#include <stdio.h>

main()
{
     char *str1[100];
     char *str2[100];

    printf("Enter 1st string\n");
    scanf("%s",&str1);

    printf("Enter 2nd string\n");
    scanf("%s",&str2);
  
   printf("1st string is %s\n", str1);
   printf("2nd string is %s\n", str2);
 
  return 0;
}

Edited 6 Years Ago by phpbeginners: n/a

If you have no idea what you are doing, please stop posting garbage like this:

this one will solve your problem.

#include <stdio.h>

int main()
{
     char *str1[100];
     char *str2[100];

    printf("Enter 1st string\n");
    scanf("%s",&str1);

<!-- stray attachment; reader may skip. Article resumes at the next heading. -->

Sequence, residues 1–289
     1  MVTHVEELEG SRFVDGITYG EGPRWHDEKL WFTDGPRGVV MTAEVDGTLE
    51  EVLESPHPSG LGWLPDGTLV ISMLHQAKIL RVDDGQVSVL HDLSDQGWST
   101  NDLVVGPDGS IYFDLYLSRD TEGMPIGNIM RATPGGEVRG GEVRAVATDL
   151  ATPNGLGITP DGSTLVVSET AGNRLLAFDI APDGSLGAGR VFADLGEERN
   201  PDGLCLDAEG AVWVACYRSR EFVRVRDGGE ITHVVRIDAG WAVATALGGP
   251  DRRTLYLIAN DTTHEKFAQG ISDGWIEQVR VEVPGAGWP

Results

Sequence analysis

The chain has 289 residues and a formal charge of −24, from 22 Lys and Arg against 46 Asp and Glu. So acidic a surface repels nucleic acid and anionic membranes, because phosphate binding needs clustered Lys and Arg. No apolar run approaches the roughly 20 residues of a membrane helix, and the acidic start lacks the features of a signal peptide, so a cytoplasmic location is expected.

printf("Enter 2nd string\n");
    scanf("%s",&str2);
  
   printf("1st string is %s\n", str1);
   printf("2nd string is %s\n", str2);
 
  return (0);
}

This one also will solved your problem.

#include <stdio.h>

main()
{
     char *str1[100];
     char *str2[100];

    printf("Enter 1st string\n");
    scanf("%s",&str1);

    printf("Enter 2nd string\n");
    scanf("%s",&str2);
  
   printf("1st string is %s\n", str1);
   printf("2nd string is %s\n", str2);
 
  return 0;
}

it is not a garbage run it.
both codes are working.

the difference in first code there is int main() return is (0) in the second code I remove the return value int in main and put return 0;

and some correction on his pointers.

are you called that as a garbage?

next time friend you think before you write. :-)

Comments
ignorance is not a bliss, but rather an embarrasment
Next time - you think before you write and show some respect dufus.

next time friend you think before you write. :-)